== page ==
15 Things You Might Not Know About Connecticut

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istock

1. The word “Connecticut” is an anglicized spelling of the Algonquian word “quinnitukqut,” roughly meaning “at the long tidal river.”

2. Connecticut is officially known as the Constitution State, referring to the state government-establishing Fundamental Orders of Connecticut. Written in 1639, the Fundamental Orders is considered history's first written constitution. Connecticut is also known as the "Nutmeg State." Traditionally, sailors brought the seed back from long voyages and, over time, peddlers from the state developed the reputation for selling fake nutmegs made out of carved wood.

3. Connecticut’s state song is “Yankee Doodle.” The scrappy lyrics to the historic tune allegedly came from a British surgeon named Dr. Richard Shuckburgh who wanted to make fun of the ragged appearance of the state governor’s son, Col. Thomas Fitch V, and his troops during the French and Indian War in 1755.

4. The first telephone book was issued in New Haven, Connecticut, on February 21, 1878, and featured only 50 names. One month earlier, New Haven was responsible for the first telephone exchange, with operators and switchboards to direct incoming and outgoing calls.

5. Connecticut is home to the world’s first nuclear-powered submarine, USS Nautilus, which was built in Groton, Connecticut, in 1954. After her first cast off, the ship signalled the words “Underway on nuclear power.” The sub is now permanently docked in Groton and serves as a museum of submarine history.

6. First started in 1764, Connecticut’s Hartford Courant is the country’s oldest continuously published newspaper. George Washington once placed ads in the paper to lease part of Mount Vernon, and Thomas Jefferson once sued the paper for libel and lost.

7. The famous Revolutionary War traitor, Benedict Arnold, was born in the town of Norwich, Connecticut, in 1741.

8. Connecticut was one of two states (the other being Rhode Island) that decided not to ratify the 18th Amendment, the Amendment that prohibited the manufacture and sale of alcohol.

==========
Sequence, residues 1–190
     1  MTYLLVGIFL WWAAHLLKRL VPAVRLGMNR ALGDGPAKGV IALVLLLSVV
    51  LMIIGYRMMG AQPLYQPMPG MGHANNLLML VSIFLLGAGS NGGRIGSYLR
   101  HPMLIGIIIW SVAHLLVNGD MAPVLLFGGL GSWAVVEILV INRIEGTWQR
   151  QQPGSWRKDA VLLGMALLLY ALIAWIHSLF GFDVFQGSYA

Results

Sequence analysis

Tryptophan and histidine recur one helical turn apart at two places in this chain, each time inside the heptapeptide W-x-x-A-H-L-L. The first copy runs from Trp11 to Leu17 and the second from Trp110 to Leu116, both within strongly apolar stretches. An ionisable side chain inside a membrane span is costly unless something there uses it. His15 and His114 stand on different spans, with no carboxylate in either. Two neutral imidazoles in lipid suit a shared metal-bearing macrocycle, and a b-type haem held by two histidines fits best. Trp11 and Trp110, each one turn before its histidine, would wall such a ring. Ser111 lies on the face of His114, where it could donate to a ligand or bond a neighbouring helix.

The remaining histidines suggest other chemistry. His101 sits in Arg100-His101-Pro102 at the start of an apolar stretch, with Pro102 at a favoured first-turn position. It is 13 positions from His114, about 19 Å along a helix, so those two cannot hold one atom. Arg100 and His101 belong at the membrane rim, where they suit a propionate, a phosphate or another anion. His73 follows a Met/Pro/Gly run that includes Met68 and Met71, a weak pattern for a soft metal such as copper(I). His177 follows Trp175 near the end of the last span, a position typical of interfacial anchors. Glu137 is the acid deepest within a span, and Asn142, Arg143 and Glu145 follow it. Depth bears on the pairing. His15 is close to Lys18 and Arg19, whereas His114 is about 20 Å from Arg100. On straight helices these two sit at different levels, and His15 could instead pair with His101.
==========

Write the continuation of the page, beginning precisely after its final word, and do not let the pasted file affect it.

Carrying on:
9. The Scoville Memorial Library, the country’s oldest publicly funded free library, is located in Salisbury, Connecticut. The library’s collection first began in 1771 when the owner of a local blast furnace named Richard Smith used the money collected from 39 members of the community to buy 200 books in London, England.

10. Mary Dixon Kies, the first woman to be issued a U.S. patent, was born in Killingly, Connecticut. Her patent involved a method she invented for weaving straw with silk for hat-making.

11. In Hartford, flying a kite in the street is specifically banned.

12. The hamburger was invented in New Haven, Connecticut, at a small restaurant called Louis’ Lunch, which is still in business today. The story goes that in 1900, a customer was in a rush and asked owner Louis Lassen for something to eat on the go. Lassen threw together cooked ground steak trimmings and put them between two slices of toasted bread, and the hamburger was born.

13. The first Frisbee, which was nothing more than an empty pie tin, was developed in Connecticut. A man named William Russell Frisbie moved to Bridgeport, Connecticut, in 1871 to take over what would become known as the Frisbie Pie Company. Nearby Yale University students found that the tins that held Frisbie’s delectable pies could be flung across rooms with ease, prompting them to exclaim “Frisbie!” to alert the catcher. Eventually, the design was perfected into the plastic flying disc we know today.

14. The first speed limit laws for cars were set in Connecticut in 1901. Drivers were prohibited from going faster than 12 miles per hour.

15. The PEZ Candy Company is based in Orange, Connecticut. The little blocks of sweetness—whose name comes from shortening the letters in the German word “pfefferminz,” or “peppermint”—were first invented in Vienna, Austria, in 1927 and were initially marketed along with their distinctive dispensers as an alternative to smoking.

Wednesday’s Best Amazon Deals Include Computer Monitors, Plant-Based Protein Powder, and Blu-ray Sets

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Amazon
As a recurring feature, our team combs the web and shares some amazing Amazon deals we’ve turned up. Here’s what caught our eye today, December 2. Mental Floss has affiliate relationships with certain retailers, including Amazon, and may receive a small percentage of any sale. But we only get commission on items you buy and don’t return, so we’re only happy if you’re happy. Good luck deal hunting!

10 Perfect Gifts for The Pop Culture Connoisseur in Your Life

Funko/Pinsantiy/Lil Cinephile/Amazon
Funko/Pinsantiy/Lil Cinephile/Amazon

This article contains affiliate links to products selected by our editors. Mental Floss may receive a commission for purchases made through these links.

Over the past year, most everyone has been marinating in all kinds of pop culture. More than any other era, this moment in time has revealed how much we as a society should value our creators and artists. From cinematic comfort food to walks down nostalgia lane, the holiday season is a perfect time to celebrate the pop culture moments and icons that have kept us happy, engaged, and awed.